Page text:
The audience wants to show appreciation (usually). The actors like to be appreciated (no matter how embarrassed they are by it). Everybody needs the curtain call. And a good one reflects well on the show. Don’t shortchange everyone by throwing it together at the last minute. Put it together during the last week of rehearsal and practice it at every run-through up to opening. Going the extra mile on this will put you head and shoulders above the rest of the crowd. (And individual bows for the leading players aren’t a bad idea either – I’m just saying...)

  • I wish more theaters would open the house at 7:30. This one is more for all the Indie Theater companies out there since, for the most part, their Broadway and Off-Broadway counterparts already do this. To me, this is a simple thing that conveys a powerful message: opening the house at 7:30 tells people that you’re prepared and ready to do the show.

Remember all the times you’ve gone to see your friend’s show, only to arrive at 7:45 to find the house not opened yet and all the actors and crew people running around trying to get ready in time for an 8:00 curtain? Sure you do.

And do you remember what you thought every time you saw that? I’ll bet you do.

I know what I think every time I see that: Uh-oh.

As in: God only knows what the hell we’re in for tonight. This is not a good way for any audience member – or cast member, for that matter – to start the show.

Now, I know what you’re going to say: Listen, Mr. Crusty Old Guest Blogger! Things happen before a show sometimes. Things go wrong. Equipment doesn’t work. Actors are late. You can’t plan for these contingencies – you can only address them when they happen!

Yeah, yeah – I know. But that doesn’t mean you can’t open the damn theater and let people in. Its part of the accepted social contract of doing theater: audience members expect the house to be open when they show up. So they can take their time settling in, going to the bathroom, reading the program, doing whatever. If the house opens at 7:55 and the show starts at 8:00, the audience has to rush to do all of these. Or even worse (as I’m sure they would tell you): they have to figure out which of these they have time for before the show starts and which one can wait for later.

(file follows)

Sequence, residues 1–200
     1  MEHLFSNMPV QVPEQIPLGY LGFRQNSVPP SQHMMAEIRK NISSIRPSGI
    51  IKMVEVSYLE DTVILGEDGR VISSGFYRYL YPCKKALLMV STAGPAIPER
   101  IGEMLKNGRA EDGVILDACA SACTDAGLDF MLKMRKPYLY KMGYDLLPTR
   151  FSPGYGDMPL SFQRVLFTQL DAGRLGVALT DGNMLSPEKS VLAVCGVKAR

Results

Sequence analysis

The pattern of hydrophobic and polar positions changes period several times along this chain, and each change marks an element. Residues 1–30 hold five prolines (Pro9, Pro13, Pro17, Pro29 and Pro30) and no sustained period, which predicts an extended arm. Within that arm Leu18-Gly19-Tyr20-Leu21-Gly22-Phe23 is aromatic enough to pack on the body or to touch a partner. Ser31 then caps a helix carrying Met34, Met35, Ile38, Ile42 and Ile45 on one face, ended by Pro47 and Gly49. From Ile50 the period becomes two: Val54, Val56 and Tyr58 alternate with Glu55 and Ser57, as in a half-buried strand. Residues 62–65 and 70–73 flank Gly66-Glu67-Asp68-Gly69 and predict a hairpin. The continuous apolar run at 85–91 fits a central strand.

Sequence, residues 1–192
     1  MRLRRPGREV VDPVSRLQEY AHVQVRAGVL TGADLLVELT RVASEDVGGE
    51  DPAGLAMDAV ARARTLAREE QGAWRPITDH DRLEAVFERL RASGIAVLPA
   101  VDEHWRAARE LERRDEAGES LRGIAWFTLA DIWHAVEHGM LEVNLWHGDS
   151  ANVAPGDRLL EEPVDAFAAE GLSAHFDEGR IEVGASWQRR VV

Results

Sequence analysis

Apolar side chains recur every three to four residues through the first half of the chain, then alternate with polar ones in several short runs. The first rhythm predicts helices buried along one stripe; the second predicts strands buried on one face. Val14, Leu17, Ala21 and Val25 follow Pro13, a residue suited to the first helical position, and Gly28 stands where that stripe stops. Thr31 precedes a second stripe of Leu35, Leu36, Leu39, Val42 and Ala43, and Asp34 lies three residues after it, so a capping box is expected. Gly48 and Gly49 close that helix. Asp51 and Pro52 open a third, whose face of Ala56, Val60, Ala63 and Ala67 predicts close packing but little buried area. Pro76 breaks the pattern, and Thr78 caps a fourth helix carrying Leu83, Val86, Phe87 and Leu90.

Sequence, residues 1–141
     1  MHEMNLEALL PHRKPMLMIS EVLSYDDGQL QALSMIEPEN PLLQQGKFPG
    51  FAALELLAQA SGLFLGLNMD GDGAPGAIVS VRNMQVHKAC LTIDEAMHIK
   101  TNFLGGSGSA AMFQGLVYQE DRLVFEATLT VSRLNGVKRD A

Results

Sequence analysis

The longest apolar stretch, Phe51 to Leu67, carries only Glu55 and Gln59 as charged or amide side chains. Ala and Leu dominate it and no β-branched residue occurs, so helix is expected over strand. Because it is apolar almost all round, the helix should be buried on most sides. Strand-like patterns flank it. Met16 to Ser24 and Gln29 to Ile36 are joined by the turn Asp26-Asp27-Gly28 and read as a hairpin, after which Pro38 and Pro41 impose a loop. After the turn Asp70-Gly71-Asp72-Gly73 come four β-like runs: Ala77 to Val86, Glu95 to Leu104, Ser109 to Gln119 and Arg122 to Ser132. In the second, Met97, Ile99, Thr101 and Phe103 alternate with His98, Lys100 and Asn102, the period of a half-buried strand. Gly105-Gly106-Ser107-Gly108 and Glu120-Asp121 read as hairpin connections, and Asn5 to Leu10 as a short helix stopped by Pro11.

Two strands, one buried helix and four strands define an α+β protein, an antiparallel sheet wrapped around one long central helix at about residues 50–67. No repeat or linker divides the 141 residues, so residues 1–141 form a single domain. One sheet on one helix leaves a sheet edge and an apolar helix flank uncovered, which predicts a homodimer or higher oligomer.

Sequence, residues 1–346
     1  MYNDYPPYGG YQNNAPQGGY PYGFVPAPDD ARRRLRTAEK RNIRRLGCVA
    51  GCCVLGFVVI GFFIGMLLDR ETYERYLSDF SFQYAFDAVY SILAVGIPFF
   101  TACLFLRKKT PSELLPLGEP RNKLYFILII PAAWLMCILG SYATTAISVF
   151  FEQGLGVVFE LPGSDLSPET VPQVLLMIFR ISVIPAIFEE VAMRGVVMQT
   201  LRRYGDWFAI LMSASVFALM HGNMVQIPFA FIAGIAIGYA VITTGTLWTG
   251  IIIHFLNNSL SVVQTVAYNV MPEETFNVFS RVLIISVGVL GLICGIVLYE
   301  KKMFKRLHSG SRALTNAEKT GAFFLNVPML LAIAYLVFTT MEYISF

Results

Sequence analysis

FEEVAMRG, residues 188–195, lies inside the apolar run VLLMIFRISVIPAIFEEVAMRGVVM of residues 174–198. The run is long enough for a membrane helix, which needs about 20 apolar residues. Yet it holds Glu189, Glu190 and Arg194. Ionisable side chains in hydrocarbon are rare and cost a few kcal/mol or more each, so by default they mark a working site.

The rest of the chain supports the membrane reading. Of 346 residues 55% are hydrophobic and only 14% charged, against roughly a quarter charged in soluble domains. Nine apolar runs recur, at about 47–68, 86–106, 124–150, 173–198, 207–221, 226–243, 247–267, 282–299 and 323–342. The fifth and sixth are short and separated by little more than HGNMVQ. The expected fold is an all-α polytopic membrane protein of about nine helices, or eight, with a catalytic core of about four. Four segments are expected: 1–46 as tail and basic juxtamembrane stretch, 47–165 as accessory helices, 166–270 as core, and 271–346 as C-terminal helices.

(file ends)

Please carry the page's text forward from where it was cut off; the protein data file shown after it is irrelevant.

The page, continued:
And let me tell you: if they choose to wait until after the show to go to the john, it’s going to be a long night for everyone.

Plus, it’s a good thing to do for the cast and crew. Once the house opens, they all have a chance to settle themselves in for some pre-show quiet time, focus, prepare, and just generally be calm before the show starts. If everyone is running around doing this, that, and the other right up to curtain, there’s very little time left for anyone to focus on the task at hand. Dare I say that’s totally unfair to one’s cast and crew? I will dare.

I could go on like this for hours, but you get the gist of what I’m saying: I’m basically a crank.

Seriously, though. I’m a detail guy. Because, to me, little details are always what make the larger whole more interesting and memorable. And I think that everyone who does theater should pay more attention to details like the one’s I’ve mentioned above. Because ignoring them only makes the unattended gaps in the larger whole more obvious.

Interesting and memorable will always bring audiences back to the theater, as well as theater artists and practitioners. Unattended gaps will not.

Thanks for letting me bend your ears a bit, theater fans. I now return you to your regularly scheduled guest blogging.

1 comment:

  1. Michael, yes, yes, yes. Doing and seeing bad theater is what made me start producing in the first place. I hate it when actors don't take their bios seriously and I'm right there with you on the curtain call. Although I would argue that 7:45 is a perfectly acceptible time to open the house if it is 40 seats or less and you have the luxury of a lobby. But then the lobby better be ready at 7:15.

    And a few things to add, as an audience member: a clean bathroom, a program that wasn't run off by a bad copy machine and actually has some content that is relative to the play, and comfortable seats. Because there's nothing worse than seeing a three hour opus from a folding chair or wooden bench.